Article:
Dining etiquette is a constant topic of conversation in my life, with friends, family, and guests alike. Sometimes they want to know how the increase of the minimum wage, and the accompanying changes to tipping protocol, have changed my work life. Other times people want to know if anyone actually sends back a bottle of wine. I’m well-practiced at answering these questions (it’s complicated; yes, it happens, but rarely). Yet recently a friend posed a question I hadn’t really thought much about, and am still a bit vexed by: How long is reasonable to wait for a drink?
The first consideration: How long does it take for waitstaff to ask? When I was learning to wait tables, it was drilled into my head that you always offer a table a drink when you first greet them. The majority will turn you down, or need more time to decide, but a decent number of diners have a sense for what they want right away; why keep them waiting? Taking a drink order is also a good way to buy yourself time when you’re busy as a server, without having to actually do a whole lot.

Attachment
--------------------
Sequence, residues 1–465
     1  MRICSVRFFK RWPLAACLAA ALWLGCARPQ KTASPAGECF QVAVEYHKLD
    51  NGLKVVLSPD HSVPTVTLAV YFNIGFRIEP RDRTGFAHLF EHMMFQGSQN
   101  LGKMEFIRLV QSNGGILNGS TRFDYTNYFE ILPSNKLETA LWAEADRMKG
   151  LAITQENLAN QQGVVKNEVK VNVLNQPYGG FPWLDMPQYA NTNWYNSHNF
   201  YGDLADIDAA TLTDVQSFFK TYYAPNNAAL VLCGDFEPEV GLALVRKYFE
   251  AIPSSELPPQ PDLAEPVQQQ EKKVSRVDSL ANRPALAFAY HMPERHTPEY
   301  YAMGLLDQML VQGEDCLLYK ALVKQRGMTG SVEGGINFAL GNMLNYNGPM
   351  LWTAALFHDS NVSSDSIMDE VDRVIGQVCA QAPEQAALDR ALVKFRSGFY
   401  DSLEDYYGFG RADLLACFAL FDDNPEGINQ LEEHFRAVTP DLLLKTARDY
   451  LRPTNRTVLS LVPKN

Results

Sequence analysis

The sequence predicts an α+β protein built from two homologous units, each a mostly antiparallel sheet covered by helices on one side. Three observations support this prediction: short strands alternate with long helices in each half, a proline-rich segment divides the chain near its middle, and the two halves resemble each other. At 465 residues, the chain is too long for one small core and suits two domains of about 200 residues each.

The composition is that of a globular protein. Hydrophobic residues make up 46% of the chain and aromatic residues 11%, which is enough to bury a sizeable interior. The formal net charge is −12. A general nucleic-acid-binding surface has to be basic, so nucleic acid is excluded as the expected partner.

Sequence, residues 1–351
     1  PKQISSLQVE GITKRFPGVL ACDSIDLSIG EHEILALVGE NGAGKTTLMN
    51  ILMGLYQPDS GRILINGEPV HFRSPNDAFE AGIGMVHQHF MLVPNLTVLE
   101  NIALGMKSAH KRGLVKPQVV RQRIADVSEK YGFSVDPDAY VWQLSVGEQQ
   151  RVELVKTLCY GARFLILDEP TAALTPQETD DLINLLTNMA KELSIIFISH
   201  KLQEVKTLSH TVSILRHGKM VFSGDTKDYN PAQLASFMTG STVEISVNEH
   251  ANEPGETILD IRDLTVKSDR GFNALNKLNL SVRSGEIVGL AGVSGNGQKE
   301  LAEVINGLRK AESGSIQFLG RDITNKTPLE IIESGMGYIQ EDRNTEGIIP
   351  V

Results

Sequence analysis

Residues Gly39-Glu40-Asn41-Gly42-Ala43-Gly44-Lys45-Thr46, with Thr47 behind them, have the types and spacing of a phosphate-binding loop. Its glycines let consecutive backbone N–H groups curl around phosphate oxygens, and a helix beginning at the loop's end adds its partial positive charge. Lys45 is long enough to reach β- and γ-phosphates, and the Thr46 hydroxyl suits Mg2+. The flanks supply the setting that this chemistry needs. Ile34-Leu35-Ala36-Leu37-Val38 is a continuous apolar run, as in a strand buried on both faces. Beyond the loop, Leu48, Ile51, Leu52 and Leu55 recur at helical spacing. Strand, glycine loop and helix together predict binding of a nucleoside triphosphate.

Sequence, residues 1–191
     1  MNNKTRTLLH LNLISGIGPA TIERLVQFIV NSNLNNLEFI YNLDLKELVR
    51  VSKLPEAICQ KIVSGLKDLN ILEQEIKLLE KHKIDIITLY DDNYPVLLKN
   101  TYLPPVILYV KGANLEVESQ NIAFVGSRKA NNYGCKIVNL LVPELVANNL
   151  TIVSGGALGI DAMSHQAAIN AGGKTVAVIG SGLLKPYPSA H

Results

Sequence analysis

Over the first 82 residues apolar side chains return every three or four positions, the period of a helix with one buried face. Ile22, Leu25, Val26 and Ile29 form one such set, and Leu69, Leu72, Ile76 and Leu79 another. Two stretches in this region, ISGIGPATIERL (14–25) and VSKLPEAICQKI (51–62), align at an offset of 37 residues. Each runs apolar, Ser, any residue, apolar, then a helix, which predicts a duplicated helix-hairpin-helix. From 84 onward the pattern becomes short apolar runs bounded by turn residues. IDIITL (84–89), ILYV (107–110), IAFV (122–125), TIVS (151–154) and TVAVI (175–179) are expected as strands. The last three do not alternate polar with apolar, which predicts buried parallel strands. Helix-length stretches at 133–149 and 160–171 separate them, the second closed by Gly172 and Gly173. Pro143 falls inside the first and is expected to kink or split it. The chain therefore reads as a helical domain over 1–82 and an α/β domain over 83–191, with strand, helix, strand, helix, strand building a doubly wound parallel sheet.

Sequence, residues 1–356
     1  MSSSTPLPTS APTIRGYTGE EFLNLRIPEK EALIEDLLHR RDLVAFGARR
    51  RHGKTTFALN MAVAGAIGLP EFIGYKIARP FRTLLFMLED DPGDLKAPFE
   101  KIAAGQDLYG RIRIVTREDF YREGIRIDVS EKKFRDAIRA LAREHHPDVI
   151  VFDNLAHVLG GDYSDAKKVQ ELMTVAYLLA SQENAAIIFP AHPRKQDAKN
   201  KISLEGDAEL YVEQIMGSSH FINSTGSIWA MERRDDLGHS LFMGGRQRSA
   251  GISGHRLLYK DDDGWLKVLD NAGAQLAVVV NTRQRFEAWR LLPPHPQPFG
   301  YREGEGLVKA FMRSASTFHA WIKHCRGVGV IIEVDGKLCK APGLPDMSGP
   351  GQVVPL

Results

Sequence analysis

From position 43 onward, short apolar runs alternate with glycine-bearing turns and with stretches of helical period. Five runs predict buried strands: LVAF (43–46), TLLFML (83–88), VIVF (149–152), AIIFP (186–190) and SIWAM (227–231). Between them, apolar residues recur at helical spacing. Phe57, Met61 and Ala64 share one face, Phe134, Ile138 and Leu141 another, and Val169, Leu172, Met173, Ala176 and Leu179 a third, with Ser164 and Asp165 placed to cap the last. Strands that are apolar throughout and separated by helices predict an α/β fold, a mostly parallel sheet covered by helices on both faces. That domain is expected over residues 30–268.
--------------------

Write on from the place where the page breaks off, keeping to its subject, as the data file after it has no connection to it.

That said, once the drink is ordered, the clock is really ticking on the bar. As a guest, I try to be reasonable with my expectations … within reason. The most important variable, of course, is how busy the joint is. At a half-empty bar on a sleepy Tuesday night, it’s fair to expect your drink within a minute or two of ordering. Conversely, at a hopping restaurant at 7:30 on a Saturday, a 10-minute wait is probably a good starting point. The drink you order can make a big difference, as can the type of bar: an IPA obviously doesn’t take as much work as a Pisco sour. That said, good bars have processes in place to keep drinks coming, no matter their complexity or volume.
A long wait for the first drink is particularly galling because often it’s the first thing the diner gets to enjoy at the table. A long wait is easier to ignore later in the meal, because there’s presumably lots to distract you: food, or at least conversation.
To my mind, the key is communicating expectations. If the bar is busy or the bartender has to change a keg, your server should say something, or perhaps even offer an alternate drink that they could bring quicker. Like most everyone else, I just appreciate being warned when there might be an issue, to know I haven’t been forgotten.
That’s really the heart of the issue. Like almost anything else service-related, it’s key that guests feel that they’re being taken care of and paid attention to. I’ll contentedly wait quite a while for a table, or food, or a drink, as long as I know someone is aware that I’m there. That said … where’s my drink?